Time limits in tax proceedings


Matters in tax proceedings should be dealt with while respecting the general principles of: the rule of law, conducting the proceedings in a manner that inspires confidence in the tax authority, ensuring the party's active participation at every stage of the proceedings, taking the necessary steps to thoroughly explain the facts of the case and timely.

The proceedings are initiated at the request of a party or ex officio. In the event of starting the proceedings ex officio, it is necessary for the tax authority to issue a decision. And, as a rule, dealing with the matter takes the form of a decision.

Based on Article. 139 of the Tax Ordinance, the settlement of a case that requires evidence proceedings should take place without undue delay, but not later than within one month, and in a particularly complicated case - no later than within two months from the date of initiation of the proceedings, unless the provisions of the Tax Ordinance provide otherwise .

Tax proceedings are initiated at the taxpayer's request or ex officio (in the form of a decision). At the taxpayer's request, the date of initiation of the proceedings is the date on which the request is delivered to the tax authority. However, when the request is brought by a person who is not a party or for any other reasons, the proceedings may not be initiated, the tax authority will then issue a decision refusing to initiate proceedings against which the taxpayer is entitled to a complaint.

On the other hand, the date of initiation of proceedings at the request of a party, which was brought by means of electronic communication, is the date of entering the request into the ICT system of a given tax authority.

Finally, when the proceedings are instigated ex officio, the date of initiation is considered to be the date on which the party is served on the notification of the initiation of the proceedings (with some exceptions).

Example 1.

The tax proceedings were initiated by a decision of March 11, 2013. The decision was effectively served on March 13, 2013. The decision should be issued within a month from the date of delivery, i.e. April 13, 2013. As April 13, 2013 falls on Saturday, the deadline is moves to the first working day, April 15, 2013.

The general rule is that cases should be dealt with immediately if they can be examined on the basis of evidence presented by the party, including a request to initiate proceedings, or on the basis of commonly known facts and evidence known ex officio to the authority conducting the proceedings.

Settlement of the case in appeal proceedings should take place not later than within two months from the date of receipt of the appeal by the appeal body, and the case in which the hearing was held or the party submitted a request for a hearing, not later than within three months.

Example 2.

The taxpayer filed an appeal directly to the office on July 3, 2013. The tax authority has the time limit for dealing with the case until September 3, 2013. If the taxpayer placed a request for a hearing in the appeal, the time limit for dealing with the case is extended to October 3, 2013, regardless of whether the hearing happened or not.

The time limits for settling the case do not include the time limits provided for in tax law for the performance of specific activities, periods of suspension of the proceedings and periods of delays caused by the fault of the party or for reasons beyond the control of the authority. It should be borne in mind that these deadlines do not apply in the case of a tax audit, to which separate regulations apply.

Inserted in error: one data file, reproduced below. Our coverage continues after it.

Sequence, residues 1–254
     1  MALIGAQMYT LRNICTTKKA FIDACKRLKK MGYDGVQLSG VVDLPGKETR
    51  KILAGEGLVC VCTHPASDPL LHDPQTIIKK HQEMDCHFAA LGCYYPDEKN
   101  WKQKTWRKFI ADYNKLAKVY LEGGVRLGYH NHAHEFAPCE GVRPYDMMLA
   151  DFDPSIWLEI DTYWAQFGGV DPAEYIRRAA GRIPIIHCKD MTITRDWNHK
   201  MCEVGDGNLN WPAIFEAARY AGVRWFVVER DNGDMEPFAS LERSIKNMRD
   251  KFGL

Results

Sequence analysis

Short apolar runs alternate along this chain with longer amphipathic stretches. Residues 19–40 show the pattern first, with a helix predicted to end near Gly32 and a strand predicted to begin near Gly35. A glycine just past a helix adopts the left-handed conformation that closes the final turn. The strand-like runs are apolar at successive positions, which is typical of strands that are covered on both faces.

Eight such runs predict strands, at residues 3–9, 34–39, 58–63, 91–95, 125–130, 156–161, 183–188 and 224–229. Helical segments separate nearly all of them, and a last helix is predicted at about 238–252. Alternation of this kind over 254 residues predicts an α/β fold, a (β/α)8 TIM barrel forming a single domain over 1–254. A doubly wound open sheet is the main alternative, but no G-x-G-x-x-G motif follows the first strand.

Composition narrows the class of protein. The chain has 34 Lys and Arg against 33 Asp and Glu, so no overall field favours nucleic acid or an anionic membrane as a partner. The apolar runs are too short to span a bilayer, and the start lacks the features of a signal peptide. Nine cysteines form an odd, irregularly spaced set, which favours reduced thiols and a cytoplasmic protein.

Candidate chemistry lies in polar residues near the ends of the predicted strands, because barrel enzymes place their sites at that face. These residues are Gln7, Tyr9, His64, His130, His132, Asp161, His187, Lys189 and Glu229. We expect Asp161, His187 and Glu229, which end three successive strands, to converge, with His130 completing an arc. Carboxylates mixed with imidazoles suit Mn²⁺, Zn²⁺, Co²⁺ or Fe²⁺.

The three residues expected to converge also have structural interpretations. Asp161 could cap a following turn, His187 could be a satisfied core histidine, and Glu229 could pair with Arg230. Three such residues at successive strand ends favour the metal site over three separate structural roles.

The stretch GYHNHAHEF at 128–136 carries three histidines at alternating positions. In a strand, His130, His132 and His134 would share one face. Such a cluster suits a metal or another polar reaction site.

Example 3.

The attorney, when filing a signed application by the taxpayer on 2 July 2013, did not attach the granted power of attorney. Basically, the authority has one month to consider the application, ie until August 2, 2013. On July 4, 2013, the party was requested to complete the request for a power of attorney. The formal deficiencies were supplemented on July 8, 2013. Thus, the deadline for settling the case on August 2, 2013 was extended by 4 days - until August 6, 2013.

Instructional term

When analyzing the course of time limits under the Tax Ordinance, it should be borne in mind that these deadlines are indicative for tax authorities. This means that the authority does not lose the right to examine the case and issue a decision after exceeding the time limit for handling the case. Thus, it does not affect the flaws of the decision.

Pursuant to Art. 140 of the Tax Ordinance, the tax authority is obliged to notify the party of each case of failure to settle the matter in due time, stating the reasons for the failure to meet the deadline and indicating a new deadline for settling the matter. Moreover, the same obligation rests with the tax authority also in the event that the failure to meet the deadline occurred for reasons beyond the authority's control.

If the matter is not dealt with in due time or in an additional time (Art. 140), the taxpayer is not defenseless. For it is for urging. As a rule, a reminder is submitted to a higher-level tax authority, and if the matter has not been settled by the tax or customs chamber, to the minister responsible for public finance.

The tax authority mentioned above, which considers the reminder to be justified, sets an additional deadline for settling the case and orders the explanation of the reasons and determination of persons guilty of not settling the case on time, and, if necessary, taking measures to prevent violating the deadlines for dealing with cases in the future. At the same time, the authority determines whether the failure to settle the case on time was in gross violation of the law.